Just after Christmas, wintry weather returned, and we had decent skiing conditions by New Years. The rest of the winter, temps fluctuated between subzero cold and temps in the teens and twenties. Precipitation often was in the form of dry snow. Following that nasty rain event in mid December, it didn't rain again until March 5th. As a result, we experienced good skiing without icy conditions for most of the winter - pretty unusual.
We groomed a total of 49 times this past winter. Here’s the breakdown: 13 times in December, 16 times in January, 17 times in February, and 3 times in March. Our groomers worked approximately 350 hours during that time. Much of the grooming was in the dark of night, during cold temps, and challenging weather. Hats off to our groomers!
Overall, it was a fairly long winter with very good skiing and snowshoeing in the Blue Hills. Good skiing lasted until mid March. The last grooming of the season on March 19th created rocket fast conditions on the East Side Core Loop, a great way to say goodbye to winter. We hope the following photos trigger some good memories.
Weather forecasters predicted a narrow band of heavy snow for northwest Wisconsin. For our area, we were hoping for a nice 4" snowfall to add to our early season thin base. As the storm moved in, late the evening of Friday (December 10th) we measured 7", and awoke Saturday to snow accumulations guesstimated at 14"-18" in the vicinity of the Blue Hills Trail. WooHoo! Biggest snowfall in YEARS! First double digit snowfall since a 10-inch snowfall November 10, 2014.
At that point, the grooming challenge begins for two tough guys: fight your way to the trailhead while the snowplows are out working the main highways; use our Honda Pioneer UTV and Arctic Cat Bearcat to bust through the deep snow as you start to open some select trails; return home for a change of dry clothes; come to the rescue of the local plow operator when his big snowplow truck got stuck in the ditch near the trailhead; grab some hot food from town (10 miles away) because the grooming wouldn't end anytime soon; deal with dry slick snow that made it difficult for the grooming machines to climb the hills without the tracks slipping (note: there are lots of hills in the Blue Hills); burn up gas like it's going out of style; stop and remove snow sticking to the rollers; after sunset enjoy the clear skies and a winter wonderland. And hope skiers the following day would appreciate your efforts.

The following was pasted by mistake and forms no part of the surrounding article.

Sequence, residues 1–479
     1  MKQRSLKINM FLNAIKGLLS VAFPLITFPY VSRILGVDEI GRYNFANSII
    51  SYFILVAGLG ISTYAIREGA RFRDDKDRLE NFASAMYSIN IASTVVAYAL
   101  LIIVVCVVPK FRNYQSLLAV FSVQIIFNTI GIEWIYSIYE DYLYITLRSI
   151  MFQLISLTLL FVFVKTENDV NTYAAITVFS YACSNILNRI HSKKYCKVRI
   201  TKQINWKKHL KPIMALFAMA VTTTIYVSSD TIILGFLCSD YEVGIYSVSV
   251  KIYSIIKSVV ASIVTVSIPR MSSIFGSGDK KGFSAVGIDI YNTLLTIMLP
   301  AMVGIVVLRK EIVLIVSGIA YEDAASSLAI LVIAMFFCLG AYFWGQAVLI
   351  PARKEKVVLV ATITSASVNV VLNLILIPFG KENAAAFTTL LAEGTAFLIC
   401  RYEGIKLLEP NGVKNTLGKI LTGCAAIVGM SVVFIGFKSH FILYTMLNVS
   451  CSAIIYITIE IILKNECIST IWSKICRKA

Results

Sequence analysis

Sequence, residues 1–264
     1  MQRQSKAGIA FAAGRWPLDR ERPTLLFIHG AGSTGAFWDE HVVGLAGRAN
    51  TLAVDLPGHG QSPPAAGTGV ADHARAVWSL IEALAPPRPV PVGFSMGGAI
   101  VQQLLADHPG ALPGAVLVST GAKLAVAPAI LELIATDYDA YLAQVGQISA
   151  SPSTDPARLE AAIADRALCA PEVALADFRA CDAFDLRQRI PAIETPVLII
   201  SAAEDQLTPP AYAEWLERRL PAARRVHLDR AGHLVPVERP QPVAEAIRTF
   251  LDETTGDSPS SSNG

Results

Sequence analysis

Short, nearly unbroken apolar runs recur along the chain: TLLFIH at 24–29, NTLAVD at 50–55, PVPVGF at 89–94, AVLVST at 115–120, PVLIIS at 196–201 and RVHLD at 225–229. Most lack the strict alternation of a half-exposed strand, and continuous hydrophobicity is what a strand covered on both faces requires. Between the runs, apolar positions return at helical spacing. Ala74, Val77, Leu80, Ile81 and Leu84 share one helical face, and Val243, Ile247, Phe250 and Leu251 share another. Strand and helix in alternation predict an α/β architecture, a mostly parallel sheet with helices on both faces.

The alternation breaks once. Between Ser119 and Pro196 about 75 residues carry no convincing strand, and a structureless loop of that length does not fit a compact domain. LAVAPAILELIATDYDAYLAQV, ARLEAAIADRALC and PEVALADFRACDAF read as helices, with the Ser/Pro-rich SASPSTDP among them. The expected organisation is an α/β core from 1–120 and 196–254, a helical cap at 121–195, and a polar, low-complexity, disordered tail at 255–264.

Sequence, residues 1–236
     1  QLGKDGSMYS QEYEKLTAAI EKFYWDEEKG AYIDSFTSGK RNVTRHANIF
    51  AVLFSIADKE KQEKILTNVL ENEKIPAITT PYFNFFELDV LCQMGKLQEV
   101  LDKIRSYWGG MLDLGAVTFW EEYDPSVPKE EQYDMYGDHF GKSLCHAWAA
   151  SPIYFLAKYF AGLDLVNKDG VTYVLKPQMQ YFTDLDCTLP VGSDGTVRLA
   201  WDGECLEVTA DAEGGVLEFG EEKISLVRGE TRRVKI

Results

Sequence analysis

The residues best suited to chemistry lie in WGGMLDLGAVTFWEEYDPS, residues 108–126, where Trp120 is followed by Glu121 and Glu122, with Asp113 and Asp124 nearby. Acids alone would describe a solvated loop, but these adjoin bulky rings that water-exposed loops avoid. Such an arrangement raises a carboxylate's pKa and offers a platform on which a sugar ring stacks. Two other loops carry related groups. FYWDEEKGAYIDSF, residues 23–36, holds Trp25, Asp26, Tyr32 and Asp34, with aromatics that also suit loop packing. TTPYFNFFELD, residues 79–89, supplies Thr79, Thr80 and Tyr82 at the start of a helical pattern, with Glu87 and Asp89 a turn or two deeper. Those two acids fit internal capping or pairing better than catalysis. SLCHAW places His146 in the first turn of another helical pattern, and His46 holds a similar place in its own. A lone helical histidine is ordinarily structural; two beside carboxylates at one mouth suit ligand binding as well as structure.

Just a couple weeks ago we were out hiking bare ground. Skiers on Sunday (December 12th) enjoyed a wintry wonderland. The select trails that were groomed on the 11th weren't in top shape, but they provided loads of fun. The 14" snowfall (dry snow!) compressed into a 2" base that was thick enough to allow the use of good skis. Sure, skiing wasn't perfect today, but who's complaining? Take a look at the following photos of happy skiers as we begin winter 2021-2022.
Snowshoe Trails - Here's the scoop
- Back in 2012, John Kann developed the first of our 'Snowshoe Trails'. Soon he was joined by Dan Bjugstad - and they've been primarily responsible for maintaining and expanding the network of trails. From time to time, several of our members/volunteers have helped brush out the trails.
- The snowshoe trails weave up and down through various stands of timber.
- John and Dan quickly realized that good directional signage would be important. Sheets of yellow poly were purchased for the sign material.
- Pretty soon, clever directional signs began appearing. And as the trails expanded, this required a lot of signs.